Nurse practitioners primarily serve in a highly specialized clinical capacity. They perform advanced clinical tasks in a specific area of nursing practice, such as pediatrics, primary family care, or psychiatric-mental health. They may also assume a range of leadership and administrative responsibilities, depending on the expectations of their employers. The current minimum educational requirement for becoming a nurse practitioner is the MSN, which qualifies registered nurses to apply for certification and state licensing. The certification requirements vary depending on a nurse’s desired specialization and typically involve a competency-based exam. But the industry requirements are on the verge of change. Prospective DNP students should be aware that the National Organization of Nurse Practitioner Faculties (NONPF) has reaffirmed its interest in making the Doctor of Nursing Practice the entry-level requirement for nurse practitioner roles.

● Median salary for nurse practitioners: $103,880 (BLS, 2017)

Health Services Manager

Health services managers work with the management teams of health care organizations to help plan and coordinate their daily operations. They do so by managing human resources, organizing finances, and communicating with executives and other internal and external stakeholders. Although this occupation is not specific to nursing professionals, DNP graduates typically have the expertise needed to excel in health services management roles that involve managing teams of nurses or whole nursing departments. Through their experience studying and working in the nursing profession, DNP graduates likely have the knowledge needed to develop and carry out strategies that allow their departments to make reasonable progress toward their objectives.

● Median salary for medical and health services managers: $98,350 (BLS, 2017)

Nurse Educator

Nurse educators work in health care organizations and on university campuses to develop the next generation of nursing professionals. As university faculty members, they often teach courses that relate to a specialty area that they previously practiced in a clinical setting or studied thoroughly. Some employers may not consider candidates without real-world clinical experience, so it is important to gain several years of nursing experience before pursuing a career as a nurse educator. The National League for Nursing strongly supports doctoral preparation for nurse educators. In fact, according to the U.S. Bureau of Labor Statistics, most large universities expect their faculty members to have doctorates. Aspiring nurse educators should consider earning a Doctor of Nursing Practice to enhance their future career prospects.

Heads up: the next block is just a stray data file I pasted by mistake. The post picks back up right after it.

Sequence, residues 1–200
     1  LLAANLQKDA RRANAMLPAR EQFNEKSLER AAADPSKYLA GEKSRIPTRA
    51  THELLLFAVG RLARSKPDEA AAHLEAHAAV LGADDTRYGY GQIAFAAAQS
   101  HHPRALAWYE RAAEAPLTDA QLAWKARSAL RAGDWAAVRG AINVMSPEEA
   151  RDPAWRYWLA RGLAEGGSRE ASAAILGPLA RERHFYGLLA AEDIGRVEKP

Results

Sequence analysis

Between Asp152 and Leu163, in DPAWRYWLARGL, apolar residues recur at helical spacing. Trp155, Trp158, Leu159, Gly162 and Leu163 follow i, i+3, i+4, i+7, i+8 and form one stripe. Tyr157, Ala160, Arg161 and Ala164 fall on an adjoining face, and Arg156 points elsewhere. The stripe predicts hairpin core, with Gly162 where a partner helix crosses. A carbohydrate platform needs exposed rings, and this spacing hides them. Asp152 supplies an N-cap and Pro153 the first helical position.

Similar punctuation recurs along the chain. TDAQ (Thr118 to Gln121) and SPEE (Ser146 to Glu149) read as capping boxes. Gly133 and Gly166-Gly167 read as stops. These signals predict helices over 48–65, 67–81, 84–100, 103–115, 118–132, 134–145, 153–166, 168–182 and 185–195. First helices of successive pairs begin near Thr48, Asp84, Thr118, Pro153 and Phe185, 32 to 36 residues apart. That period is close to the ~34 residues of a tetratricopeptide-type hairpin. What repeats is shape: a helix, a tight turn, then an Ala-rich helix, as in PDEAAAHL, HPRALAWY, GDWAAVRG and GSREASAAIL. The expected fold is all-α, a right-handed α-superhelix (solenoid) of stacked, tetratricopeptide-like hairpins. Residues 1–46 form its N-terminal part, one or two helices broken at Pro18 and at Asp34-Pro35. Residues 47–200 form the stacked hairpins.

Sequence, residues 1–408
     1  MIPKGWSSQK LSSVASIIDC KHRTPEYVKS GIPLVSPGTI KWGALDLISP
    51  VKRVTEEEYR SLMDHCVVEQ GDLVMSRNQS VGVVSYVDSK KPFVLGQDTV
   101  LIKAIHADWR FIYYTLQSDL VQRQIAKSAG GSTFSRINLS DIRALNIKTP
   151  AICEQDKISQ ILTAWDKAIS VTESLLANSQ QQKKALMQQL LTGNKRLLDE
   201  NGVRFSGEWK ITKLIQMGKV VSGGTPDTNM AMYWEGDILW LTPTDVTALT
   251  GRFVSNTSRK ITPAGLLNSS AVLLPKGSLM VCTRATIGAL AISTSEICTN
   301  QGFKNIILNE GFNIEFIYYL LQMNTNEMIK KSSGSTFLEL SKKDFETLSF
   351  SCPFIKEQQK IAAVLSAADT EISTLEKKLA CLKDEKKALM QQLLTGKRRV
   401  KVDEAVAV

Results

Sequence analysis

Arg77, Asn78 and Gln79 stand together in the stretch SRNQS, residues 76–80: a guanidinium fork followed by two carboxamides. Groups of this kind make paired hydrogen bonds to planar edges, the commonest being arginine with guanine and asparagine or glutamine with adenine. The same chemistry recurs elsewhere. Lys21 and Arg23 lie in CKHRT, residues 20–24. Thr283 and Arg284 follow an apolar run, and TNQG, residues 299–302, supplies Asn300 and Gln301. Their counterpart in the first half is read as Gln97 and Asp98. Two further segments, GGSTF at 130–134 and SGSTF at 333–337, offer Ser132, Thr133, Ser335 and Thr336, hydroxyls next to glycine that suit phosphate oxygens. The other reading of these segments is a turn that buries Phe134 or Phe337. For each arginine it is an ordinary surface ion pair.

● Median salary for nursing instructors and teachers: $77,360 (BLS, 2017)

Nurse Supervisor

Nurse supervisors draft employee work schedules and ensure that nursing staffs are distributed appropriately across various units. As leaders, they must ensure that their employees’ actions are in line with the mission, vision, and values of their organizations. This includes observing daily activities to certify that all employees are adhering to any ethical or regulatory standards placed upon them by governing entities. The advanced nurse leadership curricula in DNP programs can equip graduates with the cognitive tools they need to navigate complex health care regulatory systems as they work to motivate and organize their employees.

● Median salary for medical and health services managers (including nurse supervisors and other clinical managers): $98,350 (BLS, 2017)

DNP salaries vary based on experience, occupation, and expertise, but in completing a Doctor of Nursing Practice curriculum, graduates prove they have the competency needed to practice at the highest levels of the nursing industry. Therefore, when nurses take a step forward and enroll in a clinical doctoral program, they are also taking a step toward higher earning potential.

Learn More

Place yourself on the cutting edge of nursing practice by earning your online DNP degree from Regis College. Speak with an enrollment adviser today about how Regis College’s online MSN to DNP program can help prepare you for your future in nursing.

Recommended Readings:

What Can I Do with a Doctor of Nursing Practice (DNP)

Why You Should Become a Nurse Practitioner

5 Benefits of Earning a DNP Degree

Sources

BLS, Medical and Health Services Manager

BLS, Nursing Instructor

BLS, Nurse Practitioners

Journal of Nurse Practitioners

National Association of Clinical Nurse Specialists

National Institutes of Health

National League for Nursing

National Organization of Nurse Practitioner Faculties